still others on the quarter deck, peered below through a large skylight with a grated cover. formerly an able seaman, the super's mate, lawrence cronin, was man of some education and now his voice arising, he ex-sorted his -- exhorted his comrades to new feats of bloodshed. with the aid of a lantern he read from a prepared text from his pocket, beginning with the proud boast, i've been a republican since the war, declaring they were doing very right, a very good thing, he echoed a growing call for every officer's death. literally to wipe the decks clean. followed by shouts from aloft,
hand 'em up, past the buggers up, kill them all. and imperative to which most of the original leaders now resigned themselves. we might as well be hung for a sheep, as for a lamb, one of the original conspirators grudgingly admitted. more than that, by defying the popular will, the original ringleaders stood to lose control of the uprising, including any chance by setting the ship's course to avoid a hangman's noose. much less the swipe of an angry ship mid-'s tomahawk. the tide of violence showing few
signs of ebbing had yet to run its course, witch's brew of hatred and vengeance. it was over quickly. taken first was the purser, steven pacey, after he had first been ordered to sit by the mast, stabbed repeatedly he was cast into the ink black sea, followed shortly be hugh sampson, the surgeon, previously punished for stealing from hugh sampson, his 14-year-old servant, taunted the senior mercilessly with choruses of hand him up, hand the buggers up. next to be flung over the side, his skull split by an axe, was lieutenant reed, not withstanding richard redman's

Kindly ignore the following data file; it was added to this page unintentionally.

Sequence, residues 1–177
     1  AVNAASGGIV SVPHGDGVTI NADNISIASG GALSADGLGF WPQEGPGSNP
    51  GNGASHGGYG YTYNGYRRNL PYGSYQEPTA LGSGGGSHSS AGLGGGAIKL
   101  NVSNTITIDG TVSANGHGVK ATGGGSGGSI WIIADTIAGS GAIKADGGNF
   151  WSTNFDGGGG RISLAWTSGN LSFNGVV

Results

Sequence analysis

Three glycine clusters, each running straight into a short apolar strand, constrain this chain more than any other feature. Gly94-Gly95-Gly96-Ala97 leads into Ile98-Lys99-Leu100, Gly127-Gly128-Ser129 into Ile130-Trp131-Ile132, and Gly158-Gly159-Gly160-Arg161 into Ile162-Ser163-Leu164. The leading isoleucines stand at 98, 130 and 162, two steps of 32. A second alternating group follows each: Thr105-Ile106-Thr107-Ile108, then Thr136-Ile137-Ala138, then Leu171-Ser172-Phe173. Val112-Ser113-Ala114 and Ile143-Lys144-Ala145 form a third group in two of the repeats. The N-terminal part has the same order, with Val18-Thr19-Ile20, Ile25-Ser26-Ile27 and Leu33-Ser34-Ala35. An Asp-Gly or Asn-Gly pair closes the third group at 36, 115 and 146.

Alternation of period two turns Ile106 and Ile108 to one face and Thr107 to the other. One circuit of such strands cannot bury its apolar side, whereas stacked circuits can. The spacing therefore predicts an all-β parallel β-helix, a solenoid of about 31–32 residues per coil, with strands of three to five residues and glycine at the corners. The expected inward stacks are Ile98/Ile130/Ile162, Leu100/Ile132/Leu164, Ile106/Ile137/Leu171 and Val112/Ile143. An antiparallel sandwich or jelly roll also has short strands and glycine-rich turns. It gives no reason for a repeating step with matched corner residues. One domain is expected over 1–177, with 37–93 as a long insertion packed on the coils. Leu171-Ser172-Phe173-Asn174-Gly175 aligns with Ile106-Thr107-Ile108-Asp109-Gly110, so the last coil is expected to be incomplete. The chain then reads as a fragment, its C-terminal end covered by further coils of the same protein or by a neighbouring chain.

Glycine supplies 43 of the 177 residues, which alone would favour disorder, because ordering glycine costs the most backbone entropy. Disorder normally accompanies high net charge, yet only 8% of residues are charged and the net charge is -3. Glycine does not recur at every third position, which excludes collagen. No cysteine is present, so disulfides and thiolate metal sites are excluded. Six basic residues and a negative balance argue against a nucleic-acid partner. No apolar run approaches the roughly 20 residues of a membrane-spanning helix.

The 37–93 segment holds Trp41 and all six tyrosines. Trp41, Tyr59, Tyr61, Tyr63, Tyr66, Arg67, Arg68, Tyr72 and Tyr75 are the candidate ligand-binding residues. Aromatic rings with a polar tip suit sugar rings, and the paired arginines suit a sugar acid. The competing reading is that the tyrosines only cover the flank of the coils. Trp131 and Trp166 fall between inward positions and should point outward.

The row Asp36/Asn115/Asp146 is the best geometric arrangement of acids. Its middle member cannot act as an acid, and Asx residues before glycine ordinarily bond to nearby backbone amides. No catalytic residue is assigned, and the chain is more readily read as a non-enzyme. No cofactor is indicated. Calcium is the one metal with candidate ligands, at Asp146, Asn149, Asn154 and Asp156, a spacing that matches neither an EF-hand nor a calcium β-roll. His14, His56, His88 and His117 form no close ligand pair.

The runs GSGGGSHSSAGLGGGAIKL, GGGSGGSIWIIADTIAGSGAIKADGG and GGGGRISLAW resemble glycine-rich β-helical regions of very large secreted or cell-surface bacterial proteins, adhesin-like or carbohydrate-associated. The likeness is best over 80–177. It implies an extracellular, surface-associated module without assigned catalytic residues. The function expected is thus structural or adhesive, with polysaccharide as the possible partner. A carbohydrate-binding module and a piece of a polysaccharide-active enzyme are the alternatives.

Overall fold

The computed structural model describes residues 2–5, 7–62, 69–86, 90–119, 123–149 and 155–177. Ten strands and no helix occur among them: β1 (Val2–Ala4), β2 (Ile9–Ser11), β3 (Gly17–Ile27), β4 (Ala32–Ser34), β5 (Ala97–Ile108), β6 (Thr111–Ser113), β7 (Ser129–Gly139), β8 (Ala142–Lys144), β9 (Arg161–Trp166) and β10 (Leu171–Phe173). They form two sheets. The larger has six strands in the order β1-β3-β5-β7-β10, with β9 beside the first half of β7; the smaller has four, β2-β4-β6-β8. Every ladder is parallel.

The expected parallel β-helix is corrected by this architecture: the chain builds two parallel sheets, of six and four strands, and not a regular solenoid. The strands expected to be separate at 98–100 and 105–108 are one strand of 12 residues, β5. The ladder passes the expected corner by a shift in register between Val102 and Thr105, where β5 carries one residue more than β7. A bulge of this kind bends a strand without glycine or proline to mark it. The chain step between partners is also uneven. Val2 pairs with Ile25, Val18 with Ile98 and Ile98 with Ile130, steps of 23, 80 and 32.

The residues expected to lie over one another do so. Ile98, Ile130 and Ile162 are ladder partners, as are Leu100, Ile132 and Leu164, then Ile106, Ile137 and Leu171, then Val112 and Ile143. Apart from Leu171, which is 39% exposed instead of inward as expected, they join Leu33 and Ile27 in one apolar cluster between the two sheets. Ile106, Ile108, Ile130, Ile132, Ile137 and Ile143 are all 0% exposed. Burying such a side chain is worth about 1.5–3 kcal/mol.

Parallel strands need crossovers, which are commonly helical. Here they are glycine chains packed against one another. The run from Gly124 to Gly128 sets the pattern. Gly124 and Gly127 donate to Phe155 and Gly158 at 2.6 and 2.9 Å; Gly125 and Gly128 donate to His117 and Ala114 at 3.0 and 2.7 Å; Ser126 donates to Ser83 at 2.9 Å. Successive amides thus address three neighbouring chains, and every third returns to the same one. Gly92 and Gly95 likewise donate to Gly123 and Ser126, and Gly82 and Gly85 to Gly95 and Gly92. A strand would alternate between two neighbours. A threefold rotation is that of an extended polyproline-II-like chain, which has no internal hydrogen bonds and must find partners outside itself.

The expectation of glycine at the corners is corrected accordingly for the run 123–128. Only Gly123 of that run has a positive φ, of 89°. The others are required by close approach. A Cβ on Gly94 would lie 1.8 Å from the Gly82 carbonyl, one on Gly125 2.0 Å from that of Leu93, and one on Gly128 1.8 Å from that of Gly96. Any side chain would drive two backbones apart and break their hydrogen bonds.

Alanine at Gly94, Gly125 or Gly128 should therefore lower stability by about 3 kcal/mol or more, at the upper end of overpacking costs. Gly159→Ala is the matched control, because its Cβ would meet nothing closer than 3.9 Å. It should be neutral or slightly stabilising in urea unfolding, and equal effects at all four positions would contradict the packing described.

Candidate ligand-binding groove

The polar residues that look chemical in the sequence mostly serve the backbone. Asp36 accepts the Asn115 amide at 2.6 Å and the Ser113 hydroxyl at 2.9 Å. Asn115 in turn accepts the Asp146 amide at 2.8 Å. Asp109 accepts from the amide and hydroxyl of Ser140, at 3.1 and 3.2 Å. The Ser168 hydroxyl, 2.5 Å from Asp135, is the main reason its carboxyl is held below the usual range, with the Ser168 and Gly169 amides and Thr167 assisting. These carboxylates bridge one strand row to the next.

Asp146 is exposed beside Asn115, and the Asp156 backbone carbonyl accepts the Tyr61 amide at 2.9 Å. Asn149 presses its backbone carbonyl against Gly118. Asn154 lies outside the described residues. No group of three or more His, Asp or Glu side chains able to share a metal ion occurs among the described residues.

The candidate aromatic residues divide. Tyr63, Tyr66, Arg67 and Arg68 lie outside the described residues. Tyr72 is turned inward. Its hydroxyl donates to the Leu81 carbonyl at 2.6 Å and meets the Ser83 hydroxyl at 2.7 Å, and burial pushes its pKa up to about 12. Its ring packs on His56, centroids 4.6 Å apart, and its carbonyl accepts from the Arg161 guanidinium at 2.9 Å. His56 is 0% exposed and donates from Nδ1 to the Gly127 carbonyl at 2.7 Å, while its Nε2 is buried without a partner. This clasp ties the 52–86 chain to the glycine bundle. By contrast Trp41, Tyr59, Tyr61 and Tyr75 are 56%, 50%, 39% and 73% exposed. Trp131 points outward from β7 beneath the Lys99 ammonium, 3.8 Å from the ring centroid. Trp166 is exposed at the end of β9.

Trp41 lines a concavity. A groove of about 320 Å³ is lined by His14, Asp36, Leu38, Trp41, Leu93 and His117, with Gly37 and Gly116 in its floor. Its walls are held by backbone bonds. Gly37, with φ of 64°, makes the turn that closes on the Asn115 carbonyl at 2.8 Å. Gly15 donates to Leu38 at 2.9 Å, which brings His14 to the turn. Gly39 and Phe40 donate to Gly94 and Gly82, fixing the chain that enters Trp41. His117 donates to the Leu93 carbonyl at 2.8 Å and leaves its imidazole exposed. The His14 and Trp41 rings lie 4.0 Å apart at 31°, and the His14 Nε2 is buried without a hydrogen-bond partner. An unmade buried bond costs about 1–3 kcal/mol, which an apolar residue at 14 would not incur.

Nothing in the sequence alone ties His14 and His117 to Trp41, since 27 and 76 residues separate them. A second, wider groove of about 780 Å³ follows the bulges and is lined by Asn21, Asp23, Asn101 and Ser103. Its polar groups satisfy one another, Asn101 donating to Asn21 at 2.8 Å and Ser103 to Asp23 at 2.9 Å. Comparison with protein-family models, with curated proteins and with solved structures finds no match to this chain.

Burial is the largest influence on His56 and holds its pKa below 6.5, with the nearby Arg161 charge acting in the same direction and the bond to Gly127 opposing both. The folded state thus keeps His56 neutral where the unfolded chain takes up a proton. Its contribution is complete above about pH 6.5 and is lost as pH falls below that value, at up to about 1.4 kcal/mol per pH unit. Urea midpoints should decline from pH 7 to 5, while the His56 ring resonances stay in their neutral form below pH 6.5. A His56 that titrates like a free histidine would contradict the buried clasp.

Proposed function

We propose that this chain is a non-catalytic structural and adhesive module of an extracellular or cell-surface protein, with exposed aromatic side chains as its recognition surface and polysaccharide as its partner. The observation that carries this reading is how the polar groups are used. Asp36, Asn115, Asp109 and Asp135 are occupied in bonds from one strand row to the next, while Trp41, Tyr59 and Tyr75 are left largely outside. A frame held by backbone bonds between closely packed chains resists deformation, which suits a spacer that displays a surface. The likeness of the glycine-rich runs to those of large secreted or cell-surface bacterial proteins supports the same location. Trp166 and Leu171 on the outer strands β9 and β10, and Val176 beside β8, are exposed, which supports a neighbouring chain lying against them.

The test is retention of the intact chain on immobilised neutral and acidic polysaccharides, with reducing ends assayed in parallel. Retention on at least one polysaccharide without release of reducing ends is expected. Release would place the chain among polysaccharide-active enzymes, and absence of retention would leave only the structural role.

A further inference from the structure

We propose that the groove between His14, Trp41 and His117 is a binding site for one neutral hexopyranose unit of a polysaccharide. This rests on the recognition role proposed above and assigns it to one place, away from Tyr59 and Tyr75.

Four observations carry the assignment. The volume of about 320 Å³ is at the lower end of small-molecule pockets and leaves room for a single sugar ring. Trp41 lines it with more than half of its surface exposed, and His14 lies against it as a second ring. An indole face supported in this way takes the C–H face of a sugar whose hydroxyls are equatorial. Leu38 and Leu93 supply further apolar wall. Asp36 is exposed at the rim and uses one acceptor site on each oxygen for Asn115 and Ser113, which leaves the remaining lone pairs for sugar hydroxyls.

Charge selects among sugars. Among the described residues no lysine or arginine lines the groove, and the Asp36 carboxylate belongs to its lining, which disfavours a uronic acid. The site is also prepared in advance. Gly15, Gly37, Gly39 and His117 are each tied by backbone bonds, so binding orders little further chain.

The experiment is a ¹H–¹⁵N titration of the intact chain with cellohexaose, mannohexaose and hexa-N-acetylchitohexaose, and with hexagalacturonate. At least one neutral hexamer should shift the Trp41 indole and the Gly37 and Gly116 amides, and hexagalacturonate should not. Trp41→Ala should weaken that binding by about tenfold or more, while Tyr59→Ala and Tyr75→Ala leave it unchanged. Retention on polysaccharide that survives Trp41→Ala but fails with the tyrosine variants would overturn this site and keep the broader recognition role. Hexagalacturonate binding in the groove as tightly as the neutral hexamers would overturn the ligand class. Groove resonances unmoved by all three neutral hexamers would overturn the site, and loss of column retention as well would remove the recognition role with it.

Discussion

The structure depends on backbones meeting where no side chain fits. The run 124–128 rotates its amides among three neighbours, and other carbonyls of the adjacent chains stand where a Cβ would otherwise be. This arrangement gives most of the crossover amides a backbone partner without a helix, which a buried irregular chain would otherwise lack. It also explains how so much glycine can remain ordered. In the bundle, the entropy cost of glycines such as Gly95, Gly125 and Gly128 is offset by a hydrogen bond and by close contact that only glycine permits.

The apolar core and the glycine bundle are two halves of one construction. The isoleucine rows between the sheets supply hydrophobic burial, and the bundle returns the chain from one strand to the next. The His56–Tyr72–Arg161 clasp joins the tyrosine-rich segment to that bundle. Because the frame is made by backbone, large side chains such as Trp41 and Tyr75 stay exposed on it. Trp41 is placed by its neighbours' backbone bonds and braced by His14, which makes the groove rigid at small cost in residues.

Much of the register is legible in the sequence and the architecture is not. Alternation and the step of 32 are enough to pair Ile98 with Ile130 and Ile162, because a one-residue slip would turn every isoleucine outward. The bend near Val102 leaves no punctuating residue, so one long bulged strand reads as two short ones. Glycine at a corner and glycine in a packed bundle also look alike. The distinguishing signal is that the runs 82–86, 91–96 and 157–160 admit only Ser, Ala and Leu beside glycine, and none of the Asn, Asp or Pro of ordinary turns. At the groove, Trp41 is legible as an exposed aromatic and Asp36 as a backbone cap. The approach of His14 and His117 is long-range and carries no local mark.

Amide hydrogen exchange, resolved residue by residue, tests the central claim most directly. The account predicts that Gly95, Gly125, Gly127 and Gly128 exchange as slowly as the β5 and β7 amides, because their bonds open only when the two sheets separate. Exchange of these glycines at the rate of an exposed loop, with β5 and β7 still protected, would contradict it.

bedside assurance that he would not be harmed. not to be outdone, richard redman later described as a tall and lean, with a -- red complex, seized the boatswain, john martin, who brought his wife, fanny, aboard the ship with captain pigott's blessing. not uncommon in the royal navy. by the holy ghost, ex-exclaimed redmon the boatswain shall go with the rt. my god, john martin declared to his attackers, what have i done to you? i've only been six months with you. dragged to the main deck, martin put up a ferocious struggle, protesting that he would not die like a dog.
bathed in blood, his knees buckling this boatswain was hurled into the sea. by which time fanny, a witness, fainted. her life spared, she nonetheless was forced for the remainder of the night to share a cabin with able seaman richard redman. not even lieutenant mcintosh escapeed the mob's rath. in the final ands of yellow fever he was carried aloft in a blanket, reportedly, and i quote, out of his mind, and thrown over the starboard gangway by a marine dubbed happy tom. earlier naval mutinies in
british history, even e french terror of 1793, 1794, the carnage aboard the hermine was not. thank you very much. i'd be delighted to try to answer any questions with the sole exception of giving repair jonathan robbins' true identity, whether he was native of danbury connecticut or as the british insists and the federalists waterford ireland. that mystery i'd prefer to let the book itself solve. again, my thanks to the regulate year bookshop and c-span. [applause] please.